Cradin Coatings
Old 09-16-2010, 03:28 PM
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Hello, I agree with previous posts regarding the more effective radiation with a dark finish, The Insulating properties of the paint are almost un measurable, We have done work in both design and modification of different I/C's and most are painted as per owners directions, Using our davtron in/out temp instrument I can honestly say that any difference has been very hard to detect.

So follow your heart and make it shine,

As a fellow engineer I applaud your quest for efficiency and would like to offer some tips during your I/C work.
First soak the unit with a suitable solvent then flush, Oil residue will coat the internal surfaces of the I/C reducing its efficiency, Even with a healthy turbo, cars that still have the breather connected to the air cleaner housing will exibit this.
Make sure that your rear baffle seal is in working order. If you can see your turbo and muffler when you look down behind the engine you need a new seal, A lot easier than you think to install abetter seal ( I will post photos if you wish) This is important as we combat heat soak during low speeds or at a standstill.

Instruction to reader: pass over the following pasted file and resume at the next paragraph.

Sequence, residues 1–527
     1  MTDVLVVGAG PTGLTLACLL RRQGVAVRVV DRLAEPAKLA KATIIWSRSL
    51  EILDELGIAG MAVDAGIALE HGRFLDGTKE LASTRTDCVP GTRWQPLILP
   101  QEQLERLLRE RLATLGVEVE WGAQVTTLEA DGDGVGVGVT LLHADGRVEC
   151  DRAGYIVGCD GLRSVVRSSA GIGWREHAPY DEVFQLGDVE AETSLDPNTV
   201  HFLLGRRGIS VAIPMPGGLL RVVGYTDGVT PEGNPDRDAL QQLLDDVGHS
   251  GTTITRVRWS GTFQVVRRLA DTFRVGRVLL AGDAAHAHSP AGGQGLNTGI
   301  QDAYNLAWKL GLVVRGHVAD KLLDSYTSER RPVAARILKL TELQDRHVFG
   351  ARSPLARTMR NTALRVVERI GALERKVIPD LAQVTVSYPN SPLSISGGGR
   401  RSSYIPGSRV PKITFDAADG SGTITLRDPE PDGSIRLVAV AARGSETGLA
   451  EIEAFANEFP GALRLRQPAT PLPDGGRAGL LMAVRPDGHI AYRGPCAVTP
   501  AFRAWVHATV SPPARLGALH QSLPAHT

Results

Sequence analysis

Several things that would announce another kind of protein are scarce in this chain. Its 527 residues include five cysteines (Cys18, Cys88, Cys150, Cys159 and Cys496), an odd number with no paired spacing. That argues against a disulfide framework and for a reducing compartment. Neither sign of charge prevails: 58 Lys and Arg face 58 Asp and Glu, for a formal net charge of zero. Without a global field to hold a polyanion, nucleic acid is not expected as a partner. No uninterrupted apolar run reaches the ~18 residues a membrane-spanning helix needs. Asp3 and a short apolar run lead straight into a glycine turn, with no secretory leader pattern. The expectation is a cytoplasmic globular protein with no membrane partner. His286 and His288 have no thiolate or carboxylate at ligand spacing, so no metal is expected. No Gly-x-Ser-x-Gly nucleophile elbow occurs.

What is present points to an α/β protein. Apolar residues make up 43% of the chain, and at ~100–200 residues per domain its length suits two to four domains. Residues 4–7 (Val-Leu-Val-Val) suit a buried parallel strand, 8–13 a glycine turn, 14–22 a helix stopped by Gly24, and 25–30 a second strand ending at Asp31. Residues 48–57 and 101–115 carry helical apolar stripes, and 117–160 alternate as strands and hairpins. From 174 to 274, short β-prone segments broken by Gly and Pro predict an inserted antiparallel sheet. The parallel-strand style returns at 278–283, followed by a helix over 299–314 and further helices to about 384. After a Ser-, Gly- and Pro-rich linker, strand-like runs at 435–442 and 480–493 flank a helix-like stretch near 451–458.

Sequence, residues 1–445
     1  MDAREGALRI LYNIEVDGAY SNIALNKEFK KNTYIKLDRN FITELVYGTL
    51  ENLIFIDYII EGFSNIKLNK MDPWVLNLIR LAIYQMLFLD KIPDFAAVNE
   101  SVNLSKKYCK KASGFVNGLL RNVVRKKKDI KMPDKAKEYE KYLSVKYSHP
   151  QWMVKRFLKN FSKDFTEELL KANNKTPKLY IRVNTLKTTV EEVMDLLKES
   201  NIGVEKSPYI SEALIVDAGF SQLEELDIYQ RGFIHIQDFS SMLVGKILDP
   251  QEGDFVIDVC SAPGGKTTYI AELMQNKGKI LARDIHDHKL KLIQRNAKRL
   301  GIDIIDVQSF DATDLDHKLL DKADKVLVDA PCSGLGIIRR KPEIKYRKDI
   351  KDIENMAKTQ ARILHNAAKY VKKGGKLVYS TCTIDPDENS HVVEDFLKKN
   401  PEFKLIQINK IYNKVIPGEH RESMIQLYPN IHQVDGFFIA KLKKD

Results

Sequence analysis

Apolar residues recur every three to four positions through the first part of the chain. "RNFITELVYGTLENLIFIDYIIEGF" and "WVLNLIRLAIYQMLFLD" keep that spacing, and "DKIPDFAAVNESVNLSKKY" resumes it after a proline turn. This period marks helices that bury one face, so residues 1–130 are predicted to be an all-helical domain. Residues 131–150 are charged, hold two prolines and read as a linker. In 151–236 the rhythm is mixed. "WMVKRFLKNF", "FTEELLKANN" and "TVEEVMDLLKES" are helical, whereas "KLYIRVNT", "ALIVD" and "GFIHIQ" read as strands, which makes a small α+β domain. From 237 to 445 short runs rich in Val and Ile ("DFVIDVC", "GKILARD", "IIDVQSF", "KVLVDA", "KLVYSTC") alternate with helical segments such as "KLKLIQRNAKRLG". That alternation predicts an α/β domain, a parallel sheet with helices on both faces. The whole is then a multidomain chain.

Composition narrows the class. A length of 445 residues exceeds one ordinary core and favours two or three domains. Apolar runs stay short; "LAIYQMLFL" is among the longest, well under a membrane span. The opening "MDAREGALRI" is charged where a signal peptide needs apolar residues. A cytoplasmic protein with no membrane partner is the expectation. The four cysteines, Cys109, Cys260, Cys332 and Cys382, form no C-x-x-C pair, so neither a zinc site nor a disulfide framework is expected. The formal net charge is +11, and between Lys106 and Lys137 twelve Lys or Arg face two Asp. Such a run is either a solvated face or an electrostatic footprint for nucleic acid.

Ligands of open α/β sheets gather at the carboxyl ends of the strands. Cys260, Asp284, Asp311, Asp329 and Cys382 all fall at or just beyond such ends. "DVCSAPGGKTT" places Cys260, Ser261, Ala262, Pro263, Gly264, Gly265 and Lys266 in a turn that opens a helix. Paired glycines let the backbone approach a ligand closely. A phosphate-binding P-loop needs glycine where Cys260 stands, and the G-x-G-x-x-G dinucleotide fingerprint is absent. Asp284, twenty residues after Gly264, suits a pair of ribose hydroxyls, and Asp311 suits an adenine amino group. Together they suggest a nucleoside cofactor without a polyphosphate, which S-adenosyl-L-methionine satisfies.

Last shim your recirc. valve and run a late model by-pass valve, In addition to quicker reaction time this mod reduces intake temps as compared to the factory set up.
Good luck on your quest,

Lou / AERO DYNAMICS
Old 09-16-2010, 04:22 PM
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Even Porsche seemed to see it's 930 IC was less than ideal.

The special 930SC had a larger intercooler that was the same size as the one the OEM maker built for RUF.

Then with the 91 turbo a much larger intercooler was fitted that had a more efficient BOV to.

Then there was the factory race Group B 930's that used a full bay intercooler built by Kremer for Porsche.

The stock IC might work ok for a sub 300hp street car but probably not much else. It might keep the velocity up but it is going to be more restrictive and create a pressure drop that will put the turbo at a higher pressure and lower efficiency than it could be and it is just dose not make for a great temp drop.

Usually changing the IC is good for 20 hp or so with no other changes.

It really is not worth doing much more than cleaning it unless you just like the look I suspect.

Old 09-18-2010, 09:57 PM